I first came across Mangalitsa pigs about three years ago. We'd opened Pitt Cue Co, our restaurant in Newburgh Street, six months earlier and I'd worked myself so hard that I blew out. I needed a few months off, so I went back to my parents' place in Pitt. While I was there, I decided to start keeping pigs for the restaurant—I had four Middlewhites in a massive three-acre paddock, and when we got the meat into the kitchen, it was the best pork I'd ever tasted.
So I became a bit of a pig geek. I was on the internet every day trying to find more and more information about rare breeds, constantly reading pig books and generally wanting to know everything I could about them. The more I read about Mangalitsa, it seemed as though their eating qualities were thought to be completely unlike any other. It didn't hurt that they looked great, too.
I bought twelve to start with from a breeder in Lincoln, England. They cost a fucking fortune, but I built a sort of woodland pigtopia for them at home. I pretty much fell in love with them straight away. They're the most interesting, playful pigs.
Most pigs are pretty fun once they get to know you and feel comfortable around you—until then, they can be a bit skittish—but Mangalitsas are almost like dogs. They're so friendly and sociable. In fact, they're so friendly that when they got a bit bigger, they became too much for my mum to handle. I moved them from their pigtopia down to a friend's farm in Cornwall, and one thing led to another. Now there are 140 of them at Charlie's place.
It's like trying to farm a really old Aston Martin—they really need to be looked after and treated with a lot of respect. You can't force it. If you try to get them to slaughter at six months, it will just be all fat.
One thing that's become really apparent is that they grow so slowly. Most pigs get up to the weight where they're ready to slaughter at around six months, but Mangalitsa take 12 at the very least. It's like trying to farm a really old Aston Martin—they really need to be looked after and treated with a lot of respect. You can't force it. If you try to get them to slaughter at six months, it will just be all fat.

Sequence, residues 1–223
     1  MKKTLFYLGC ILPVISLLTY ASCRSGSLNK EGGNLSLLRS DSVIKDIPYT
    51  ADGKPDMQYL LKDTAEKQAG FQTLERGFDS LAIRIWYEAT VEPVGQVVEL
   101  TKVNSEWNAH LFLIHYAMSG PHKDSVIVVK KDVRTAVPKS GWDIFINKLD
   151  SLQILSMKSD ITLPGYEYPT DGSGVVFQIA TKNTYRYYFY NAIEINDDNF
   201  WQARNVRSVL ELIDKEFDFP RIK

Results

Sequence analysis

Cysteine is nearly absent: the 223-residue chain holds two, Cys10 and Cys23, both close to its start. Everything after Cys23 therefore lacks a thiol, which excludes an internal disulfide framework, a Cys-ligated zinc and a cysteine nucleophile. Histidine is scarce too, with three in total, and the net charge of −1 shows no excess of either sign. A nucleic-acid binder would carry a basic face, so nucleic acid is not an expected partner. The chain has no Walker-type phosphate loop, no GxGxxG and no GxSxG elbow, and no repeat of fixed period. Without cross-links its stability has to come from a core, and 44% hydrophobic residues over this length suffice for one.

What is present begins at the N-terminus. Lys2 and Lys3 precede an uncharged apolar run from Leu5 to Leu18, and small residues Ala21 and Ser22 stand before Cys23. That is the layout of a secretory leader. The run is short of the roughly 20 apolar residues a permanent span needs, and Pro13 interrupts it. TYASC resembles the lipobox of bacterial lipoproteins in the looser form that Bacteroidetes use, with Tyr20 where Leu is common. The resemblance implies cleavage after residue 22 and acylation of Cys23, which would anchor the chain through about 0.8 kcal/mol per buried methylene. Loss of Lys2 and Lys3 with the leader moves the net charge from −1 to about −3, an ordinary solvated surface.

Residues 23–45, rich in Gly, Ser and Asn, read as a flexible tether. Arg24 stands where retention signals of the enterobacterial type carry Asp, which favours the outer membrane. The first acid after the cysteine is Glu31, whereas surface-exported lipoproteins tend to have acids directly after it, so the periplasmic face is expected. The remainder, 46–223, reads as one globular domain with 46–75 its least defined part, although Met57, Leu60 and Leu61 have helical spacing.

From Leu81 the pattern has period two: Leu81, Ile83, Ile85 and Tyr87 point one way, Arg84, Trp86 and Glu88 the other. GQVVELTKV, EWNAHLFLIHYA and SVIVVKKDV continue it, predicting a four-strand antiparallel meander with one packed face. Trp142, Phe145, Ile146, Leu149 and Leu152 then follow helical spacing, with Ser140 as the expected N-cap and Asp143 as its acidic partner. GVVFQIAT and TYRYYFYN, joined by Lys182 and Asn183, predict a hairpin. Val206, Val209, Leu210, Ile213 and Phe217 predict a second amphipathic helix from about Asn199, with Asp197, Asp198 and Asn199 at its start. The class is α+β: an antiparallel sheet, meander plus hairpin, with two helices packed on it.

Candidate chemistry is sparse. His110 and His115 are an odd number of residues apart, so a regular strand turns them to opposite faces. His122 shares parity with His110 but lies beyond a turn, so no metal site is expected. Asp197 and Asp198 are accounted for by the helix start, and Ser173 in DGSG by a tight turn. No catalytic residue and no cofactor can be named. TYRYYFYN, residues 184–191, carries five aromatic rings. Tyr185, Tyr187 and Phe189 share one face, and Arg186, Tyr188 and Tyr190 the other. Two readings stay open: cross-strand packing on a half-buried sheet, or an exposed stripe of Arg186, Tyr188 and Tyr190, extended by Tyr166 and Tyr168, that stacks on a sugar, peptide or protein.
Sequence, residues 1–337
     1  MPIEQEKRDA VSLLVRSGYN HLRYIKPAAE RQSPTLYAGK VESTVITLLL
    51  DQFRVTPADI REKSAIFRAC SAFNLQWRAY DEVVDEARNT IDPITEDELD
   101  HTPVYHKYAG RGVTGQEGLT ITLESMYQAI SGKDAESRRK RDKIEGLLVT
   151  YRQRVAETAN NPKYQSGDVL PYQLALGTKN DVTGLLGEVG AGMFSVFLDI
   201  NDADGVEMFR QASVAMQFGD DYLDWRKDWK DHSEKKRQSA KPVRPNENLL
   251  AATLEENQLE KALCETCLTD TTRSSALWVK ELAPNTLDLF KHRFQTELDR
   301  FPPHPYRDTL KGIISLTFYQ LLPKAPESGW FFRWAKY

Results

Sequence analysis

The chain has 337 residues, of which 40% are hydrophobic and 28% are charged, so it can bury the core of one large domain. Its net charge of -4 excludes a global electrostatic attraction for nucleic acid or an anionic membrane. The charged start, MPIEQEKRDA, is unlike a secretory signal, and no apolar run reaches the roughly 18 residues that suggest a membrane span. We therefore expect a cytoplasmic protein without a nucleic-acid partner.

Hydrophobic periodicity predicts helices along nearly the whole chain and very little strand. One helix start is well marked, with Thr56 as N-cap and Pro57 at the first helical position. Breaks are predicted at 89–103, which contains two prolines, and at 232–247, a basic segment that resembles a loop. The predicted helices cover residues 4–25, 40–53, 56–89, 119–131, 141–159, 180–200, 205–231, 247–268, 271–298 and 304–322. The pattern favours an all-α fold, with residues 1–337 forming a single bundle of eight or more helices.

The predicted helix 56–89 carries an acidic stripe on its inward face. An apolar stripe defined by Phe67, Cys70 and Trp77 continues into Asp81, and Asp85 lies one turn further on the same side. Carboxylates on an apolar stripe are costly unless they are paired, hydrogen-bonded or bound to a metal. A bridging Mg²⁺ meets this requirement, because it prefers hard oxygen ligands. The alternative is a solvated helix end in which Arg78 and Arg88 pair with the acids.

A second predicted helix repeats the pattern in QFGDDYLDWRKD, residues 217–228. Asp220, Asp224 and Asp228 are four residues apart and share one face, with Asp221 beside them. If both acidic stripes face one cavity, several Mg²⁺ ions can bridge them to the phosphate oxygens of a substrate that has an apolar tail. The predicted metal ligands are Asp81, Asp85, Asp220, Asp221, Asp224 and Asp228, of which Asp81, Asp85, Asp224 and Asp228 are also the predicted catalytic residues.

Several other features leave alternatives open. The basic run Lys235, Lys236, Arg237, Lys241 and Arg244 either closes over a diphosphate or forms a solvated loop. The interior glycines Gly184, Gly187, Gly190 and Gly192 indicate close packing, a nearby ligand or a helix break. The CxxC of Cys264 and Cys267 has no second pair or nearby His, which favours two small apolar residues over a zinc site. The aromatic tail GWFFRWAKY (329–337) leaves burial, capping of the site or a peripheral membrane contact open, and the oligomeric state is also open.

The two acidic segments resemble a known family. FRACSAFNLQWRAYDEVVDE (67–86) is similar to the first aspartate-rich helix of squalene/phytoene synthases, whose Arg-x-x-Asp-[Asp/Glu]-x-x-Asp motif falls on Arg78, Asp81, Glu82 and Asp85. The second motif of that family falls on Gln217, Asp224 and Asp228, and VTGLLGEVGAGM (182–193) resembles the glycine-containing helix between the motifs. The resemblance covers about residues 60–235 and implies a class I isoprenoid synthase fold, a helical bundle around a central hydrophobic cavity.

They're also essentially feral. They can completely look after themselves in the woods and the snow during winter. They're hard as fuck. There's definitely some wild boar in them, originally, and it shows. When we had Middlewhites, they'd go inside as soon as it rained a bit or snowed but the mangalitsas are tough as nails. The Middlewhites were princesses, but the mangalitsas are top dog if you put them in with any other pig—even something like a Berkshire, which is a bigger breed. They boss other pigs around completely. They don't take any shit.
Mangalitsas are just as interesting post-mortem, too. I don't like to think of the time I spend with my pigs as lulling them into a false sense of security. It's more that I'm trying to give them the most enjoyable, least stressful life they can possibly have (while they still have it). That's really all for one reason: happier pigs taste better.
I've got one waiting in my kitchen now that came in last night. Every time we get a new pig in, I'm reminded of just how incredible they are. There's been a lot said about the genetic make up of the fats in Mangalitsas—apparently it's a lot healthier than other fats because it's full of amino acids and it's much less saturated—but that's all done in labs and studies. The thing you notice most when you get it into a kitchen is that it's softer. There is more fat—it's fattier than any other pig—and we can only really get away with using them because we make our own sausages and use it all up. But that fat also goes through the muscle as well as on top of the muscle, which makes the meat really soft.
The meat from the Mangalitsa is different to a normal rare breed. It's really red. It looks like beef and has the same kind of steak-y characteristics when it's cooked. It doesn't really feel like a pork chop.
Good pig breeds matter, but good farming almost matters more. The breed forms a kind of genetic platform, a basis which allows you to produce wonderful meat. If you've got a really great breed, it's inherently different from the more commercial breeds. They produce more fat, they're more flavoursome, and they grow slower. From there, you're only a third of the way through the journey. If you don't farm it right, feed and treat them like shit, it's going to taste like rubbish and won't be worthwhile.
There's no going back now. The Mangalitsa we get into the kitchen on a daily basis is so good that to use anything else would feel wrong.